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Here#39;s what McDonald#39;s said after a customer exposed no change in bill despite GST cut

November 17
11:22 2017

If you are wondering why the bill you received from McDonald’s does not incorporate the revised GST rate for restaurants, the company has an explanation. McDonald’s India said that withdrawal of Input Tax Credit has resulted in increased operating costs which is why they have not revised the bill.

Input tax credit means that when a manufacturer pays the tax on his output, he can deduct the tax he previously paid on the input he purchased. As under GST, the cascading effect of taxes, i.e., tax on tax, has been avoided, a producer or manufacturer can claim the credit.

A Twitter user had complained to McDonald’s India alleging that one of its outlets was charging 18 percent GST despite the government lowering taxes to 5 percent for restaurants. Amogh Chaphalkar tagged McDonalds and Finance Ministry in a tweet and said, “Shame on you @mcdonaldsindia not passing on GST benefit to customers should be a crime @FinMinIndia Please take action!”

The image of the bill attached to the tweet showed that McDonald’s franchisee Hardcastle Restaurants Pvt Ltd had charged SGST and CGST at the rate of 9 percent each.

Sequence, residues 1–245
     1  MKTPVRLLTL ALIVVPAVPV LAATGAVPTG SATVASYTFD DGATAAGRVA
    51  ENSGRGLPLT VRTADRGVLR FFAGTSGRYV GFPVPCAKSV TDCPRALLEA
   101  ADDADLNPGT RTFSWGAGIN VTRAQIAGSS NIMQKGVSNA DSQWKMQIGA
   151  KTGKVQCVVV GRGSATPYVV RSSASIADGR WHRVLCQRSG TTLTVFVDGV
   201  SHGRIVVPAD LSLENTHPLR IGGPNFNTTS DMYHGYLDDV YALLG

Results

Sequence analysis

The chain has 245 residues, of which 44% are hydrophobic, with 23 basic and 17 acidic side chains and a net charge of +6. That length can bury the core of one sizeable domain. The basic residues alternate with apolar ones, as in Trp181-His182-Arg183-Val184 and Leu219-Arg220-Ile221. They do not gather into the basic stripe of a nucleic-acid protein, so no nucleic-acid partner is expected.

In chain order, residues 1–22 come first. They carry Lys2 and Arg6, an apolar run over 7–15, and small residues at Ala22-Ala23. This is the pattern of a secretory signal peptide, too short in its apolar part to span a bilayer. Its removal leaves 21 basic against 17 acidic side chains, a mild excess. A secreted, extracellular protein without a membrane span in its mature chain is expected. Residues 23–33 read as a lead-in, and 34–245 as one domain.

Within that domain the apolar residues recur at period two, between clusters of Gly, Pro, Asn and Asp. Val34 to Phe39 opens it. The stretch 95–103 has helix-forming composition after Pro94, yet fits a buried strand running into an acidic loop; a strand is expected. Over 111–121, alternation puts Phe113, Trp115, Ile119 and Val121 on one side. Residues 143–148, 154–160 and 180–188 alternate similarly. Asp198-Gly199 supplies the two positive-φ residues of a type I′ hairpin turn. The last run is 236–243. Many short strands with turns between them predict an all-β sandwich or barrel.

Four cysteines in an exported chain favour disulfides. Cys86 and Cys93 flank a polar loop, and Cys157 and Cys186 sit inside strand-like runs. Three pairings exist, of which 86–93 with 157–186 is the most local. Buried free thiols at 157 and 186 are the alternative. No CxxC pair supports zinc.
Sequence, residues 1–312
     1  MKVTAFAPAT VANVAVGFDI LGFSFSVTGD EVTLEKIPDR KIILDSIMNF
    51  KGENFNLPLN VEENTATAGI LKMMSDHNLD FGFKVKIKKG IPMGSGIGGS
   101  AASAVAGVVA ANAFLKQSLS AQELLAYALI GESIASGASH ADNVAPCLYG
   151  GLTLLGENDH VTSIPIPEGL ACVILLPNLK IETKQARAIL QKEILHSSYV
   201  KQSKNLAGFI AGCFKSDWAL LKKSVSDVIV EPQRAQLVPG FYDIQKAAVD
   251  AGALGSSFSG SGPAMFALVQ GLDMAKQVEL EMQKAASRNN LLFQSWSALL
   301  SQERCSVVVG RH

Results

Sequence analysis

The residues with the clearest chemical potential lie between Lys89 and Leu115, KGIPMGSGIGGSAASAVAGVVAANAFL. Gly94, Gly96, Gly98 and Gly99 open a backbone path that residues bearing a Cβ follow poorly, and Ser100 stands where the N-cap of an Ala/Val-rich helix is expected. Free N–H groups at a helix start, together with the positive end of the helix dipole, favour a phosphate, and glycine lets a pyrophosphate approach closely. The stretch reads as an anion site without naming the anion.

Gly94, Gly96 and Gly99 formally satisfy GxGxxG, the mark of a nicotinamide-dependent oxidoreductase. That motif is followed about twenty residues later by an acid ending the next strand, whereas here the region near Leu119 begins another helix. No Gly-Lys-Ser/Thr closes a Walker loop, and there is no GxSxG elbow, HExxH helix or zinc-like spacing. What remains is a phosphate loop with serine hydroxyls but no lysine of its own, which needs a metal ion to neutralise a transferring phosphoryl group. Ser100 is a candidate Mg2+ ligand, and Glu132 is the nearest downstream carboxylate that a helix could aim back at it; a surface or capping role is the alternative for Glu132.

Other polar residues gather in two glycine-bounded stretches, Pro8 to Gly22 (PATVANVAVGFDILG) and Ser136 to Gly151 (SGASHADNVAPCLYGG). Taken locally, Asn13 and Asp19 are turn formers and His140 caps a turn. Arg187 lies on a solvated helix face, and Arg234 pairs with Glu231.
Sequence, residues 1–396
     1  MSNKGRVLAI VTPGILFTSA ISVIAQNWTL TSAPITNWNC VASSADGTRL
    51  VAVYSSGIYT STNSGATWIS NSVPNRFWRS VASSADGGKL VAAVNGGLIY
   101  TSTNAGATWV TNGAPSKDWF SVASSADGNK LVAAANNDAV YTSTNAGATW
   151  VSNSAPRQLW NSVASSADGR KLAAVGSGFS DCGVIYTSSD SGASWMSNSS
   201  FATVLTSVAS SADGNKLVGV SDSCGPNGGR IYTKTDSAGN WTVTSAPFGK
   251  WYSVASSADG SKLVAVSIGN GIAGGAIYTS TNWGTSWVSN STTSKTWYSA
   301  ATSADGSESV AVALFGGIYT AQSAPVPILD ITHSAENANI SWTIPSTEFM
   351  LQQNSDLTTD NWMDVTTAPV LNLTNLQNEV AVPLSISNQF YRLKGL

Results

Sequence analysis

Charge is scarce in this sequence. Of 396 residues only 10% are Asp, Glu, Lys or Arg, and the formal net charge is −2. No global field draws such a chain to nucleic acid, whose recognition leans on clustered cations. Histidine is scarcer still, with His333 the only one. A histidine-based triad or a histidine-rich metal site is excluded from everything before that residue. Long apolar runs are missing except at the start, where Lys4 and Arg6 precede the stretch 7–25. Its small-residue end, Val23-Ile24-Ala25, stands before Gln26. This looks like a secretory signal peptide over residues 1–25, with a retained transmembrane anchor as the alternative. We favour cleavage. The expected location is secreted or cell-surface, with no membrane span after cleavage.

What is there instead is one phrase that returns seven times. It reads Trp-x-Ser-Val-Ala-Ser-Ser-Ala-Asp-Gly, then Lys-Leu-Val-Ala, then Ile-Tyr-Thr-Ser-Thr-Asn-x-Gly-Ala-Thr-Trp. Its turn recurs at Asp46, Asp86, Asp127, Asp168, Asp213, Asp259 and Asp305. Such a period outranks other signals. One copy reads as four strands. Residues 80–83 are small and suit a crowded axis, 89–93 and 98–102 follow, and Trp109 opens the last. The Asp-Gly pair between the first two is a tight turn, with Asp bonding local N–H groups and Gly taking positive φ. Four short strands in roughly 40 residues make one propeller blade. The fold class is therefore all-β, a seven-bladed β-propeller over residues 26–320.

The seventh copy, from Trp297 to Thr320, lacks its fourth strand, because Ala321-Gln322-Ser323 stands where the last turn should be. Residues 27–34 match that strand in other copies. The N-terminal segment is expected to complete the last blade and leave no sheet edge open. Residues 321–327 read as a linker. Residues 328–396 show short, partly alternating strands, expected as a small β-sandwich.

In a statement on Twitter, the company said: “GST has come down from 18 percent to 5 percent, but Input Tax Credit has been withdrawn. Due to this, our operating costs have gone up by 10-12 percent. After taking the cost into account, the effective tax benefit would have been less than a percent. As a result, the prices of most of our products would have come down by just 1-2 rupees. That would not have made much difference to our customers.”

The food chain giant in its statement added that it was taking a “bold” move and making a “big” reduction in prices of its flagship products like Chicken Maharaj Mac, Big Spicy Paneer Wrap, Veg Maharaja Mac, etc.

“We have delighted our customers by reducing our prices by Rs 40-50…making the burger more affordable to all our customers,” the company said in a statement.

Earlier, National Restaurant Association of India (NRAI), an association of restaurants that represents more than one lakh restaurants in the country, said that the government’s proposal to reduce Goods and Services Tax (GST) rate without input tax credits will make eating out in restaurants more costly.

Similarly, food and beverage startups in the country had also said that meal prices could go up to 10 percent despite the reduction in rate as input tax credit was being withdrawn.

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